In the multifamily industry, many eyes will be on special servicers this year. And it’s easy to see why. These firms could potentially provide abundant source of acquisition opportunities. But, if an emerging trend provides any guidance, the buyers of these CMBS assets may not just be getting the apartment. They could be getting some of the debt along with it.

Specifically, a number of special servicers are making asset sales subject to the transference of the current debt on the property. Then, once the sale is completed, they’re restructuring that debt. There are few of these deals happening right now, but they offer enough advantages to expect more to transpire in the future.

“They’re taking over properties without foreclosing and putting them in receivership so that they can maintain the debt,” says Peter Donovan, senior managing director of Los Angeles-based CB Richard Ellis' Multi-Housing Group. “They don’t have capacity under the securitization to offer debt. What they do have is the ability to restructure the debt and rewrite the existing the debt. If they don’t extinguish the debt, they have broad latitude as to what they can do.”

Michael Carp, head of Horsham, Pa.-based Berkadia Commercial Mortgage's asset management and special servicing business says in certain circumstances the existing loan can be split into an A and B note, with the A note holding the value of the asset and the B note with the residual value. "If they perform in accordance with the modification, a portion of the B note can be forgiven," he says.

Donovan has seen this type of scenario as well. “If it’s a restructuring, I’ve seen existing borrower go to an A/B structure where they reset the mortgage and the interest rate gets dropped on the A, which may 110 percent of value,” Donovan says.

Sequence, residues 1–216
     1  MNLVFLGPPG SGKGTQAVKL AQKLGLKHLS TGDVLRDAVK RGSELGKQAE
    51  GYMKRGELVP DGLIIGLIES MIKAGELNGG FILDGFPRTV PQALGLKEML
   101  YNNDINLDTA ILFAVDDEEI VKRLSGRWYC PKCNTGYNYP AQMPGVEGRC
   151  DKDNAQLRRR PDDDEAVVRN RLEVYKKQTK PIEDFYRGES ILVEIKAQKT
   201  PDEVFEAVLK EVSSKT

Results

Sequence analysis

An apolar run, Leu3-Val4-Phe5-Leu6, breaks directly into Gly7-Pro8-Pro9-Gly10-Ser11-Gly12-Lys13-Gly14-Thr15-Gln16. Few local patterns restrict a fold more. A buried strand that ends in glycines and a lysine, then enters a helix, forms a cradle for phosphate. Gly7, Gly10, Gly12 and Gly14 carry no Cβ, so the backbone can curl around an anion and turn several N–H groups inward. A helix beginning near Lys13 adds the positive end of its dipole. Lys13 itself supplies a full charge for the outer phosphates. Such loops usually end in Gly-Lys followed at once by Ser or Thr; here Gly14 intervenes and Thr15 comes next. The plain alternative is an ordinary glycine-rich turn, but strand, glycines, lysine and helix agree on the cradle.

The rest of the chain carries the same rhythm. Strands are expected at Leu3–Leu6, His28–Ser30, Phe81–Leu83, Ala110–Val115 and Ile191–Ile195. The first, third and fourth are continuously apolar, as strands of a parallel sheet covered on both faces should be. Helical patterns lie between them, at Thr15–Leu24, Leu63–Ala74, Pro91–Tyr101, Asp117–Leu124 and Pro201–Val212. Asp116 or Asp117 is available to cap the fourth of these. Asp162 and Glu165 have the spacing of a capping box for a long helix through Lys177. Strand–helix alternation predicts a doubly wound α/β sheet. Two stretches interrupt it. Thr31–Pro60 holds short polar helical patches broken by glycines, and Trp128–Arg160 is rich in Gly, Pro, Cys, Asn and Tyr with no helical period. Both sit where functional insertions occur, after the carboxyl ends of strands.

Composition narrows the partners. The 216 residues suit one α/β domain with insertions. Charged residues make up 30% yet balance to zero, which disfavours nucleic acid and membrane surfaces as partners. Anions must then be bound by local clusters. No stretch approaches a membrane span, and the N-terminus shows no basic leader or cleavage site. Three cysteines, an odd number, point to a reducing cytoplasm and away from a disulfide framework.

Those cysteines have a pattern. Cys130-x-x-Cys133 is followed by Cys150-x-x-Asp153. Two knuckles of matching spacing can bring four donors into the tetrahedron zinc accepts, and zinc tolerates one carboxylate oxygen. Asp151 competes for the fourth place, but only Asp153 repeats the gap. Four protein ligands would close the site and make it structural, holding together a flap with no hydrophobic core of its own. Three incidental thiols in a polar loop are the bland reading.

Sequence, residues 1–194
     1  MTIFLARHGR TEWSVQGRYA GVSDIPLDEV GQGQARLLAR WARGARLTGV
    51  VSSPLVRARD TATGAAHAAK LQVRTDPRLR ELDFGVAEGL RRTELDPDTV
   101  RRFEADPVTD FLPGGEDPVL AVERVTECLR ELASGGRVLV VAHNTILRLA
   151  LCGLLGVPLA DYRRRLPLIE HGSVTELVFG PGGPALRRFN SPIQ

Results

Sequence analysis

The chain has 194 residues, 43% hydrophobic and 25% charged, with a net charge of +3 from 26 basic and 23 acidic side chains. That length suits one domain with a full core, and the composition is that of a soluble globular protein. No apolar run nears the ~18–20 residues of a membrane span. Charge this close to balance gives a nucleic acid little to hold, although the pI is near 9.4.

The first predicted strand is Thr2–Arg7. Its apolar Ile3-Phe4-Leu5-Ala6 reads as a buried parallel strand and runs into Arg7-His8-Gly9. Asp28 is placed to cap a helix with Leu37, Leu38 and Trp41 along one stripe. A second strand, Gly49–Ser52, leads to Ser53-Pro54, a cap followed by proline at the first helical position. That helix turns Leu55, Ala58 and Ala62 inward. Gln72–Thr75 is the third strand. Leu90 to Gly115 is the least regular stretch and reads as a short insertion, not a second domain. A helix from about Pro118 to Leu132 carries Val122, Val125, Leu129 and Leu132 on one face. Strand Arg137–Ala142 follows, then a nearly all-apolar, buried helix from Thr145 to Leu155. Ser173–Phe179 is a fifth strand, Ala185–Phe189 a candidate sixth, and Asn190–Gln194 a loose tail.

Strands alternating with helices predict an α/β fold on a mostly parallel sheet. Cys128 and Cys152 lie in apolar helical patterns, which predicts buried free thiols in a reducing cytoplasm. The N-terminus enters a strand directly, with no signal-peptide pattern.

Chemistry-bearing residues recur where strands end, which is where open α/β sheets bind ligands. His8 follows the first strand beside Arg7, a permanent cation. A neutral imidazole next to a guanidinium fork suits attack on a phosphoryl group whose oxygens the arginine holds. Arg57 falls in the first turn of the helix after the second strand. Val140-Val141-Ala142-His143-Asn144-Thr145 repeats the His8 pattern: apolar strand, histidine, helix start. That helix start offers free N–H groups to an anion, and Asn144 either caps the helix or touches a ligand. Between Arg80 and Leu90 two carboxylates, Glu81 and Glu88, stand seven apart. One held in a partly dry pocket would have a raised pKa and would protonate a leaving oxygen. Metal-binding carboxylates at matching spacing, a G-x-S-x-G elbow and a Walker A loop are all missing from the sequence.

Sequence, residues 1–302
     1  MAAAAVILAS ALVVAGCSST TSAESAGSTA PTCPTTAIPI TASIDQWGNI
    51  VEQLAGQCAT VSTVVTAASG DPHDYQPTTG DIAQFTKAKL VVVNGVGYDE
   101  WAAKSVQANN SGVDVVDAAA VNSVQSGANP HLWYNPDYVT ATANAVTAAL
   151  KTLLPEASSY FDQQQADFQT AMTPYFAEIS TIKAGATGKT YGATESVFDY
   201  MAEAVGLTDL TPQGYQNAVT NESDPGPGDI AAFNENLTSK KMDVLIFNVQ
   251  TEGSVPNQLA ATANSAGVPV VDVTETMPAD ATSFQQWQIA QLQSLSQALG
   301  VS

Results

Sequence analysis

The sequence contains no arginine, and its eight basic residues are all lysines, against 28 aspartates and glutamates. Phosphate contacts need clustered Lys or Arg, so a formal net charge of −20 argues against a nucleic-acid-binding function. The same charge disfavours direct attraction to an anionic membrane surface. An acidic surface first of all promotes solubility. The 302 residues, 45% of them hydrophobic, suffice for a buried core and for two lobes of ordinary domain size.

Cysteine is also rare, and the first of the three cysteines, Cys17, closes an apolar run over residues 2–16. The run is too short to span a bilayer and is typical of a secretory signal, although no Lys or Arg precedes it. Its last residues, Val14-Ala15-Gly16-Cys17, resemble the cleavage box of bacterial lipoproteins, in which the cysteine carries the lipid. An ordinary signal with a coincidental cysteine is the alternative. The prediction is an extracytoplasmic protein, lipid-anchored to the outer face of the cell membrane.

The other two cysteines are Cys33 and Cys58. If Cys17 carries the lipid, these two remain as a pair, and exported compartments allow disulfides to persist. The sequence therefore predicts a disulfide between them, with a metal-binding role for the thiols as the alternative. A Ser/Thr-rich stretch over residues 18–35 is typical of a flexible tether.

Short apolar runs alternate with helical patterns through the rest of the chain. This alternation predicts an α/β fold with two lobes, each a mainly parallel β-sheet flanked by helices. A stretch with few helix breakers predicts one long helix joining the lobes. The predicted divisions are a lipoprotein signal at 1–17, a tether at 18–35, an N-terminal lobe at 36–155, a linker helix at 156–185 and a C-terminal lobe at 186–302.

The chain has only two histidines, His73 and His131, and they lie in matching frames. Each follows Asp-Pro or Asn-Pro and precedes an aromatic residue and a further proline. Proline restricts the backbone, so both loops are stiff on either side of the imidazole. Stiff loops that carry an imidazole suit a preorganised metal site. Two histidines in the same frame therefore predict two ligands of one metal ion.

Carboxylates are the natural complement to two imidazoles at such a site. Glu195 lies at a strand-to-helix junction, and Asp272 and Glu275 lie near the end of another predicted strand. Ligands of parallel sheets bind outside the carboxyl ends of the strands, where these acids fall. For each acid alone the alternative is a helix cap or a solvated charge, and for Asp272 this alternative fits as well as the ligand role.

The debt could be restructured in any number of areas, including adjusting reserves for structural improvements and leasing, resizing the debt, extending the maturity, and, sometimes, adjusting the interest rates. "We may do an interest-only period, defer the principal, and use the money to establish a reserve," says Stacey Berger, executive vice president at Midland Loan Services, a PNC Real Estate company.

Risks and Rewards
Before Midland decides to accept a restructured note asset sale, it will test the market. "When we take an asset to market, we accept cash and financed offers, to make the decision on what provides the better returns," Berger says. "The special servicer's role is to maximize the recovery of an asset on a net-present-value basis. The sale with financing is one mechanism. It's very asset-specific."

But sometimes, other sources of financing aren’t exactly plentiful. “If it's a multifamily deal, it might not be in condition or have the NOI where you can do financing with a third party like Fannie and Freddie or anyone else,” Donovan says.

But selling with financing has a catch, namely the consent of the current owner. To work out the deal, the owner must agree to the terms. For reputable owners who bought in 2006 and 2007 and got over their heads, this may not be that much of a stretch. "If they have no economic interest left, and they want to preserve their reputation, they may decide to help us maximize value," Berger says.

But Carp says the company has tried to sell properties out of receivership with the existing debt and hasn't had great success. "It requires cooperation on the part of the borrower, buyer, and the court," he says.

Often, selling the asset with the debt can provide the best return as well. It gives bondholders the chance to receive a greater portion of the dollars lent down the road and gives them a chance to lower their losses in the future (instead of exiting the investment with a loss when the asset is sold).

It helps the buyers as well. “They’re able to put 5 percent to 10 percent down on assets,” says Dylan Taylor, CEO of Colliers' U.S. Operations. “But by virtue of the fact that they’re taking a traunche of CMBS, they’re in effect levering at 20 percent to 25 percent.”